Serving the county

Search and rescue, flood relief and snow operations, the Kerdiffstown Dump fire, the Kildare County Show, the St Patrick’s Day parades, Discover Athy Day, TriAthy, the Ploughing Championships and every local community sports day or event in the county. The Kildare Civil Defence was there, it will always be there serving the needs of the community.

Search and rescue, flood relief and snow operations, the Kerdiffstown Dump fire, the Kildare County Show, the St Patrick’s Day parades, Discover Athy Day, TriAthy, the Ploughing Championships and every local community sports day or event in the county. The Kildare Civil Defence was there, it will always be there serving the needs of the community.

Next month Athy Town Council is to hold a civic reception to acknowledge the invaluable hard work of the Kildare Civil Defence and its many, many volunteers.

Civil Defence Officer Ms Patricia McNeela says it is an honour and privilege to be recognised in this way. “Everyday is a different day and you do not know what it is going to involve. To be able to know that you can help people. And their is great friendship too when they need help or are in distress. Even for community events, a field day or that, we assist with traffic control. Every day is different,” she explains.

All 70 members are volunteers. “Recently we had the snow this year where we did a lot of work getting food to people isolated, getting public health nurses to their clients, hospital runs. With Kerdiffstown fire we assisted the emergency services with welfare and feeding the firefighters. We were out there for 21 days.”

Kildare Civil Defence also plays a key role in the community. It is an umbrella organisation of Kildare County Council and it receives 30 per cent of its funding from the local authority. “When we go out and interact with the public it’s good for organisations to know we are there so the event can run smoothly,” Ms McNeela explains.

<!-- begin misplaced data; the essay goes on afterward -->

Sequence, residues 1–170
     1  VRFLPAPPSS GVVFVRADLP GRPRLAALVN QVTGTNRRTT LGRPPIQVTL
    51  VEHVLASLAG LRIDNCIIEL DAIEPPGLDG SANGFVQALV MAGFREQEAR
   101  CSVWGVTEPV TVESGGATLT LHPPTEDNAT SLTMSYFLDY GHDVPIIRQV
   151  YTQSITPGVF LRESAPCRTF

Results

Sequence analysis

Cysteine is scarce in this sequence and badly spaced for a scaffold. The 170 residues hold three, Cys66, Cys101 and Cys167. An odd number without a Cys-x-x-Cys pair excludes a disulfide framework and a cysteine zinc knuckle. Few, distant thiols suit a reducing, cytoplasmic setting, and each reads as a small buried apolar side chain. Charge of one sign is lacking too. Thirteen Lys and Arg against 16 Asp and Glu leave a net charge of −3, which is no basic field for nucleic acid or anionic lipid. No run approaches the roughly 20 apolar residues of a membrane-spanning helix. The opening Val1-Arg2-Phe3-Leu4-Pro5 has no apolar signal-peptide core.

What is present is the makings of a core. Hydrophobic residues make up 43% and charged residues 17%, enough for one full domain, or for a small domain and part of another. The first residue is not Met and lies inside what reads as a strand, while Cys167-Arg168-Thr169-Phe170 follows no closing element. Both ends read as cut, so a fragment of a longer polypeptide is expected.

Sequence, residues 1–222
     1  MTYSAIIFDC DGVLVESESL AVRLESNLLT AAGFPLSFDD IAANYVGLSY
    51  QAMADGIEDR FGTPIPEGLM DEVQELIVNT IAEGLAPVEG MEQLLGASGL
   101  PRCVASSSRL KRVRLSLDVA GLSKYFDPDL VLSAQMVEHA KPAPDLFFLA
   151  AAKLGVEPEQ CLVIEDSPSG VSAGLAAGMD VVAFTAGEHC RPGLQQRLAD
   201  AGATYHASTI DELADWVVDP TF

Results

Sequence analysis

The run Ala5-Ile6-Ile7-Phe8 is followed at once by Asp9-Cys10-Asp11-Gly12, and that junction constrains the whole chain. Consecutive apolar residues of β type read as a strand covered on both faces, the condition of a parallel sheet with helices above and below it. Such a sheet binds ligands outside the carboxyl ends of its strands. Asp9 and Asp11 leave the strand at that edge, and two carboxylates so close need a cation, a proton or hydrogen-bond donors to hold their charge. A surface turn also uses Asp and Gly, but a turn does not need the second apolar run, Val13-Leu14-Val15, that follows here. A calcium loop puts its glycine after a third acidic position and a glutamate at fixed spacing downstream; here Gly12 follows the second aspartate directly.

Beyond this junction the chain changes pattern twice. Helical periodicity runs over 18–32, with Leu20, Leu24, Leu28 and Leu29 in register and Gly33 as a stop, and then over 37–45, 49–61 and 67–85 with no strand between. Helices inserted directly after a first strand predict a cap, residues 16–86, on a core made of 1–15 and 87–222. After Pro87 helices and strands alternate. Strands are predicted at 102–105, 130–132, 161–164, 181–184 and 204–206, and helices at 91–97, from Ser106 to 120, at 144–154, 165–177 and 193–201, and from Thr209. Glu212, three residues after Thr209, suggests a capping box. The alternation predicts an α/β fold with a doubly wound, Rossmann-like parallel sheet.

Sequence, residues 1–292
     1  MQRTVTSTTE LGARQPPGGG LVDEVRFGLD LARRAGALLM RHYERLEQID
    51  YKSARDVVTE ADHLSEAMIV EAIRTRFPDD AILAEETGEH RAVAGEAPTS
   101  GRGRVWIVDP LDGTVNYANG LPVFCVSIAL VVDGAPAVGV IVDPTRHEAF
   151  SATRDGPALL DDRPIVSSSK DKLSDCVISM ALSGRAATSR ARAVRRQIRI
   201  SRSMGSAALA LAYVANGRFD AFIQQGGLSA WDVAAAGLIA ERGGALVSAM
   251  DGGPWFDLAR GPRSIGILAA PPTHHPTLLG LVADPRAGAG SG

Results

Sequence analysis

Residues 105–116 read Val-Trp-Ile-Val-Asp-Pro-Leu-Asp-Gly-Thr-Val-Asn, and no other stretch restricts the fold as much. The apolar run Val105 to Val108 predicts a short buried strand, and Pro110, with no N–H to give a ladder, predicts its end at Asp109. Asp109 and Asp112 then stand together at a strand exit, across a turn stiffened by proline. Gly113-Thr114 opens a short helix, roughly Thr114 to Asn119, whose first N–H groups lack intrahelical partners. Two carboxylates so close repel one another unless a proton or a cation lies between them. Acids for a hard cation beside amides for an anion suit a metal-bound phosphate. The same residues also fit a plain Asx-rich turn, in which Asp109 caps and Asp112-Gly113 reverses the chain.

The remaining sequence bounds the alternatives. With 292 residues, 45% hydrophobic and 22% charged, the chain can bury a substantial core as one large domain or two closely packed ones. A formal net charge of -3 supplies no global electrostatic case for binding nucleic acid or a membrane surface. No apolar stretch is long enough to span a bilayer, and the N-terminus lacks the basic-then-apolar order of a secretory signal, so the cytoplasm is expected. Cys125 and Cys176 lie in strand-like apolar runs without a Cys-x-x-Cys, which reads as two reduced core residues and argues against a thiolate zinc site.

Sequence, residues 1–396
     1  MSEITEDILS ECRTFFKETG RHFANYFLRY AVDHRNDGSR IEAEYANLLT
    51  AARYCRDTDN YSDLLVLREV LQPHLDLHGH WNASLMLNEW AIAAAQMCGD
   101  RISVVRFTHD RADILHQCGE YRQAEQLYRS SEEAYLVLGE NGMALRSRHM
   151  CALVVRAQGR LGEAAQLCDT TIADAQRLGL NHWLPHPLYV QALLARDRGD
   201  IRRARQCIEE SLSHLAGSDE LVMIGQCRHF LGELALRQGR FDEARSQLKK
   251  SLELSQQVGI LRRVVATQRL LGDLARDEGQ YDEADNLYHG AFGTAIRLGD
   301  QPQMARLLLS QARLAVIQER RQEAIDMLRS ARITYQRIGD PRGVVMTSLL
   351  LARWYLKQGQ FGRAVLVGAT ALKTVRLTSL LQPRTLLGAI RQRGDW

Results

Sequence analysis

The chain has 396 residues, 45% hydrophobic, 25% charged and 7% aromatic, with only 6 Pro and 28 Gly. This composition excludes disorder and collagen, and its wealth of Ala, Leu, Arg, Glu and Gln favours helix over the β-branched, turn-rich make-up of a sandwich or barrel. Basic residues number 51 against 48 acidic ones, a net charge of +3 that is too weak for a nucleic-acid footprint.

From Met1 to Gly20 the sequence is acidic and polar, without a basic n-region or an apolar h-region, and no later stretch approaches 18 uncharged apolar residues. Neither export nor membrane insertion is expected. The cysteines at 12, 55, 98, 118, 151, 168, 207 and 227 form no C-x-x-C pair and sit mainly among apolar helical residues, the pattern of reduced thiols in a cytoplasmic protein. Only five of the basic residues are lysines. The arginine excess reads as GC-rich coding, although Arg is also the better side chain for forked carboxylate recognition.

Athy man Jim Byrne, a volunteer for nearly two decades, has a passion for volunteering. “You get institutionalise I suppose into it,” he jokes. “You get into it and every day is a different day and when you get that phone call it could be anything.”

Lil Doyle looks after the welfare catering unit that recently fed the firefighters in their battle against the Kerdiffistown dump. (The burgers were a big hit!)

It is impossible to pinpoint the number of people Kildare Civil Defence have looked after since its founding in 1950.

“We are out every weekend just for ordinary community events. That is without the big incidents. The likes of Kerdiffstown fire we were out for 21 days doing the welfare aspects of it. The likes of Oxegen and Electric Picnic it is a five day,” Ms McNeela explains.

Athy man Mr Byrne adds: “The civic reception is a recognition of what we are doing and the work you are putting in. During the flooding in Athy, for example, we were putting in 17 hours work a day, you know what mean, it’s alot. Recognition is a boost to the morale of the members.”

With the recession there has been an increase in volunteers, which McNeela says, is very encouraging and positive. “People because they have no work or have no time on their hands they would like to give hand aswell. It is on the increase and it is a positive development. You welcome as many volunteers as possible.”

The Kildare Civil Defence is always busy, quietly working away.

“TriAthy is next. Then the Derby is the last weekend in June, that is the Friday, Saturday and Sunday we help out there. We finish on the Sunday. Then we go down to Waterford city on the Wednesday for the Tall Ships. We finish there on the Sunday and we are only back and we are into Oxegen then the next Thursday.

“It is busy and that is without the small community events that might come in the meantime. Everything counts. And I have to say the volunteers enjoy it because they are getting training and they put that training into practice with their duties.”